Community help

        But Mr. Ruiz-De-Velasco said if one of those elements is missing, a program to reduce dropout rates could fail.

    According to the U.S. Department of Education, here is where Indiana, Ohio and Kentucky ranked in percentage of ninth-graders who went on to graduate from high school in four years. Information is based on 1998-99, the most recent data available. The top and bottom five states are included.
   1. Nebraska, 86.3 percent
   2. Minnesota, North Dakota, 84.7
   4. Utah, Iowa, 83.2
   28. Indiana, Nevada, 70.6
   31. Ohio, 69.5
   36. Kentucky, 65.7
44. Florida, Mississippi, Alabama, 55.5
   47. Tennessee, Louisiana, 55.1
   49. South Carolina, 51.8
   50. Georgia, 50.4
   United States, 67.2
   Sources: National Center for Education Statistics, U.S. Department of Education; United Health Foundation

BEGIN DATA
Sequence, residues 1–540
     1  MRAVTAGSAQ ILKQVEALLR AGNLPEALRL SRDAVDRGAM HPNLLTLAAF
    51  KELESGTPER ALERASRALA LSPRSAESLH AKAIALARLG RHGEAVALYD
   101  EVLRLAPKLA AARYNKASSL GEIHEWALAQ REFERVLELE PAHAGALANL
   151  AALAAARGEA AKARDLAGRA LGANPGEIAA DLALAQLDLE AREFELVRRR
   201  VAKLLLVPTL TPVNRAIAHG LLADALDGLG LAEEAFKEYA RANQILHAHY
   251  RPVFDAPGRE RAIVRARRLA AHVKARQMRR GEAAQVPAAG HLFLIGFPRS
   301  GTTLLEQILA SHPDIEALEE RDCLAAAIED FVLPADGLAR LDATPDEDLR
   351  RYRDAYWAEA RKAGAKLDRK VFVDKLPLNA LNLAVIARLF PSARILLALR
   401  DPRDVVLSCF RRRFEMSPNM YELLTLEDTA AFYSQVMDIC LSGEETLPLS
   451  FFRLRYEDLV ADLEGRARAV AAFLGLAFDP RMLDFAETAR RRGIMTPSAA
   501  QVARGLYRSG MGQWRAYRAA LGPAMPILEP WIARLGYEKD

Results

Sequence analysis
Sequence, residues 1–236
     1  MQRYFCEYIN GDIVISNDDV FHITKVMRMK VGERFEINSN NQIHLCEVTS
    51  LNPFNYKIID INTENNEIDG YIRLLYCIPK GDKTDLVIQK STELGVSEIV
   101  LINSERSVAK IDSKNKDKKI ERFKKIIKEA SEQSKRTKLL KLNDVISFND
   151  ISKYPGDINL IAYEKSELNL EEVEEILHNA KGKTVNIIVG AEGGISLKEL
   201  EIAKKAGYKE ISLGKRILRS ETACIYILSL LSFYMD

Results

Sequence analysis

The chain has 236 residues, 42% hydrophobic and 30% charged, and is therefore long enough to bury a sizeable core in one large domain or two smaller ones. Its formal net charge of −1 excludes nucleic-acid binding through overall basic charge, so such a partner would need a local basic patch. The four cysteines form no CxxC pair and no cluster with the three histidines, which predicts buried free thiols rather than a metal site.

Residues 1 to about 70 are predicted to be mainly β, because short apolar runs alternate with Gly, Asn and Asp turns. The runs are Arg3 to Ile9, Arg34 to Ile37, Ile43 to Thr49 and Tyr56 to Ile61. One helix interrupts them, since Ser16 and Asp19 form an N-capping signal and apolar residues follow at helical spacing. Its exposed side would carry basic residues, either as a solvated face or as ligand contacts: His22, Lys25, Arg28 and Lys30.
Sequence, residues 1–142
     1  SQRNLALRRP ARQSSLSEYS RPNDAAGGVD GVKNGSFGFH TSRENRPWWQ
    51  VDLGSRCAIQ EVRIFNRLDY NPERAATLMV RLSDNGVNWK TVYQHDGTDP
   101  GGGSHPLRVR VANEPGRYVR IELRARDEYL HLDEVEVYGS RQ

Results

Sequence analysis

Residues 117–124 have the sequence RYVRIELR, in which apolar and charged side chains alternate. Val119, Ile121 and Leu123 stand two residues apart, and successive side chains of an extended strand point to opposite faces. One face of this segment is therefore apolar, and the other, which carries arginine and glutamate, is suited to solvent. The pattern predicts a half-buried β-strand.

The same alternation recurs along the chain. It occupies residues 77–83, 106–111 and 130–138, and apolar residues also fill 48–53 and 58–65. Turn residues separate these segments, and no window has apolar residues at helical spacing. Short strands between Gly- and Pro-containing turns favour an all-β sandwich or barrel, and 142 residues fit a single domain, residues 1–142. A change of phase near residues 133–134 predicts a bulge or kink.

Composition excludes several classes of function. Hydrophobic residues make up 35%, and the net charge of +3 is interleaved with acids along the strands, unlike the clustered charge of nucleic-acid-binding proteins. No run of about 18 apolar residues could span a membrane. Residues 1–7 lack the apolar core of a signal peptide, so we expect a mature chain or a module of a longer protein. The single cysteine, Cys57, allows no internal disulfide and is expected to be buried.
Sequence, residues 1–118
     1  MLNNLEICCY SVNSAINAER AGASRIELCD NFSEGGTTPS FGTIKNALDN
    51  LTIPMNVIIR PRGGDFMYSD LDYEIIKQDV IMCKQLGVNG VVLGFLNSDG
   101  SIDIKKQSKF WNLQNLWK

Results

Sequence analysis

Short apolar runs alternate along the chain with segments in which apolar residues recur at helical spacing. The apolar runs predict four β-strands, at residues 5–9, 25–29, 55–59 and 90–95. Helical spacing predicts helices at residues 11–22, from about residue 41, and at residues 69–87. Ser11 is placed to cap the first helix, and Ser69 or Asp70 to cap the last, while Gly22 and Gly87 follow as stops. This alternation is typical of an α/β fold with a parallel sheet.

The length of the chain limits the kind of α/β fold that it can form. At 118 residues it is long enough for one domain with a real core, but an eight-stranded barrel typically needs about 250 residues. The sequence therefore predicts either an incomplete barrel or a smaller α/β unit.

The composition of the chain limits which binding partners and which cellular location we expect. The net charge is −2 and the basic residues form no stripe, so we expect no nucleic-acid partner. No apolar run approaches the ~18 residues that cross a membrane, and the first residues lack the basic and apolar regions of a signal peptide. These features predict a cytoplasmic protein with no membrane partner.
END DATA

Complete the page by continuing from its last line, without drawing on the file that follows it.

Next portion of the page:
“(It's) going to be hard if you don't bring in the mayor and other community-based organizations to get involved,” he said.

        Walton-Verona Superintendent Robert Storer said he has the right two people at the high school:

        • Larry Davis, a retired principal from Grant County High School in Dry Ridge.

        • Deputy Wuchner, a 28-year Kentucky State Police veteran who now works for the Boone County Sheriff's Department as the School Resource Officer at Walton-Verona.

        The dropout prevention program kicks in when Mr. Davis sees a student has missed two consecutive days. He said truancy and dropping out is often a symptom of a health problem such as an eating disorder or pregnancy. Family dysfunction can also keep kids from finishing school.